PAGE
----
The average 30-year, fixed-rate mortgage dropped to 2.94% from last week’s 2.96%, but with inflation apparently rising, they’ll likely change direction soon.
MCLEAN, Va. – Mortgage rates continued their slow descent this week, with the average 30-year, fixed-rate mortgage dropping to 2.94% from last week’s 2.96% average, according to Freddie Mac’s weekly Primary Mortgage Market Survey (PMMS).
“Since the most recent peak in April, mortgage rates have declined nearly a quarter of a percent and remained under 3% for the past month,” says Sam Khater, Freddie Mac’s chief economist.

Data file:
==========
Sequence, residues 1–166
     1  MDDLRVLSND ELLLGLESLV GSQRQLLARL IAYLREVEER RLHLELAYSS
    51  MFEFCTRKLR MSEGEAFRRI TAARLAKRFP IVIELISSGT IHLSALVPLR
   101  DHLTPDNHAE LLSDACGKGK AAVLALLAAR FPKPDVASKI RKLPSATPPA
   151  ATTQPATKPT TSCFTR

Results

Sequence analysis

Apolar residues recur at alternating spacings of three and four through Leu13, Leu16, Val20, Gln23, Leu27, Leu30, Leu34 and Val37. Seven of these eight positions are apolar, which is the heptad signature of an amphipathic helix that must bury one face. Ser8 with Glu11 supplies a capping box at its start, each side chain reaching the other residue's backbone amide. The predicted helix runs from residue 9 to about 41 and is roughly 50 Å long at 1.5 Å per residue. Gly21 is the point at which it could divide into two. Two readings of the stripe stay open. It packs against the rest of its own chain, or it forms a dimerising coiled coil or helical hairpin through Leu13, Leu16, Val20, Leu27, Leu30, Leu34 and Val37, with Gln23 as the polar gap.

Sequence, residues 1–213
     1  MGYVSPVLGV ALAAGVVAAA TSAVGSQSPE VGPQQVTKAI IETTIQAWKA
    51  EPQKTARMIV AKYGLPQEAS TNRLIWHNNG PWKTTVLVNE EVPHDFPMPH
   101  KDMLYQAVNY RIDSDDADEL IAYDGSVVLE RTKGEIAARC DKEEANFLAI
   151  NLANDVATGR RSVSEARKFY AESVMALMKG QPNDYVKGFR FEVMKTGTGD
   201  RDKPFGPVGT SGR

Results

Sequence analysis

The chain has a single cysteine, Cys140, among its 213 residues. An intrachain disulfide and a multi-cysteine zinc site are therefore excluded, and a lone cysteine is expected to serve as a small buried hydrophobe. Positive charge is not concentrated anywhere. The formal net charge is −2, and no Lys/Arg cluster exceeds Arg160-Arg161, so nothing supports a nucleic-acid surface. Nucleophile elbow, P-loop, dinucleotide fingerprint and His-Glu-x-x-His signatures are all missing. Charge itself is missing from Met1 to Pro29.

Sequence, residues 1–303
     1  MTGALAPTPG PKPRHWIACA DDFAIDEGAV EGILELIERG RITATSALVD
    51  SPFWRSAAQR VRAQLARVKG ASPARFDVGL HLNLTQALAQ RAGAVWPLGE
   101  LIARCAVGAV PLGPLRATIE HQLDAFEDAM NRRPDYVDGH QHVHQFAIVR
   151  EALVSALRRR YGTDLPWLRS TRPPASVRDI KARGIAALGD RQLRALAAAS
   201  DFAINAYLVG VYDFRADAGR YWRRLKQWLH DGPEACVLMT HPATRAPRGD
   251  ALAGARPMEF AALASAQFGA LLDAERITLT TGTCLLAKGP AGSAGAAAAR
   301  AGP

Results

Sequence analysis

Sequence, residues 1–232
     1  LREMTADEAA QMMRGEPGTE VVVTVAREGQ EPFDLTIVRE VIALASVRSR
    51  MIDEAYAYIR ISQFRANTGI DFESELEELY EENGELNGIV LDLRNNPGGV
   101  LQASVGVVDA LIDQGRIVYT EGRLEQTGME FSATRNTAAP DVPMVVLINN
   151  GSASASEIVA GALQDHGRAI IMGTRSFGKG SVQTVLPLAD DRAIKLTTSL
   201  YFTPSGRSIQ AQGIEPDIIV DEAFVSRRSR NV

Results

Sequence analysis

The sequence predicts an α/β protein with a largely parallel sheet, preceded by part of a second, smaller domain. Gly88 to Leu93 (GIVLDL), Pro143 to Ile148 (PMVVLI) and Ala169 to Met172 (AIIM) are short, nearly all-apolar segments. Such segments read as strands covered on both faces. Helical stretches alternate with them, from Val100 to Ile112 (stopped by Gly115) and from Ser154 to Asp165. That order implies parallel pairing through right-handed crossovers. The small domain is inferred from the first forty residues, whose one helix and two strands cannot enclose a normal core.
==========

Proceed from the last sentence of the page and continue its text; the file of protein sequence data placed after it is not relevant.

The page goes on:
However, Khater also issued a warning about possible rate increases in the short term.
“The low mortgage rate environment has been a boon to the housing market but may not last long as consumer inflation has accelerated at its fastest pace in more than 12 years and may lead to higher mortgage rates in the summer,” he says.
Weekly mortgage rates, May 13, 2021
- The 30-year fixed-rate mortgage averaged 2.94% with an average 0.7 point, down from last week when it averaged 2.96%. A year ago, the 30-year FRM averaged 3.28%.
- The 15-year fixed-rate mortgage averaged 2.26% with an average 0.6 point, down from last week’s 2.30%. A year ago, the 15-year FRM averaged 2.72%.
- The 5-year Treasury-indexed hybrid adjustable-rate mortgage (ARM) averaged 2.59% with an average 0.3 point, down from last week’s 2.70%. A year ago, the 5-year ARM averaged 3.18%.
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